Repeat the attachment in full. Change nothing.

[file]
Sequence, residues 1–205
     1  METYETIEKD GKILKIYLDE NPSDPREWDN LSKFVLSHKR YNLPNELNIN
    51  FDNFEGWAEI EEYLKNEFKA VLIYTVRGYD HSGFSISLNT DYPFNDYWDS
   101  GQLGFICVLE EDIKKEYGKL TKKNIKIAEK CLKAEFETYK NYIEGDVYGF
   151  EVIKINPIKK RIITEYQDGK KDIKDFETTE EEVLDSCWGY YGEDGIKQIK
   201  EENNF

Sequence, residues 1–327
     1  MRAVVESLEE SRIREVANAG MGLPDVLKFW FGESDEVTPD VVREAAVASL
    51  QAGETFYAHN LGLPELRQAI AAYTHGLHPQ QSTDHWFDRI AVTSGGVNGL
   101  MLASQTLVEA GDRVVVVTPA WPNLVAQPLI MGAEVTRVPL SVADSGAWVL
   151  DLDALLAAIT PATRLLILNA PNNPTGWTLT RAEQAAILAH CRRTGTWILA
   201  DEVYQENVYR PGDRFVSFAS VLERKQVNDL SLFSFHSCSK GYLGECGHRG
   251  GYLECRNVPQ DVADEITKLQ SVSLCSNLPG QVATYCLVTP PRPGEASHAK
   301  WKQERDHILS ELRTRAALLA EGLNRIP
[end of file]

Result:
Sequence, residues 1–205
     1  METYETIEKD GKILKIYLDE NPSDPREWDN LSKFVLSHKR YNLPNELNIN
    51  FDNFEGWAEI EEYLKNEFKA VLIYTVRGYD HSGFSISLNT DYPFNDYWDS
   101  GQLGFICVLE EDIKKEYGKL TKKNIKIAEK CLKAEFETYK NYIEGDVYGF
   151  EVIKINPIKK RIITEYQDGK KDIKDFETTE EEVLDSCWGY YGEDGIKQIK
   201  EENNF

Sequence, residues 1–327
     1  MRAVVESLEE SRIREVANAG MGLPDVLKFW FGESDEVTPD VVREAAVASL
    51  QAGETFYAHN LGLPELRQAI AAYTHGLHPQ QSTDHWFDRI AVTSGGVNGL
   101  MLASQTLVEA GDRVVVVTPA WPNLVAQPLI MGAEVTRVPL SVADSGAWVL
   151  DLDALLAAIT PATRLLILNA PNNPTGWTLT RAEQAAILAH CRRTGTWILA
   201  DEVYQENVYR PGDRFVSFAS VLERKQVNDL SLFSFHSCSK GYLGECGHRG
   251  GYLECRNVPQ DVADEITKLQ SVSLCSNLPG QVATYCLVTP PRPGEASHAK
   301  WKQERDHILS ELRTRAALLA EGLNRIP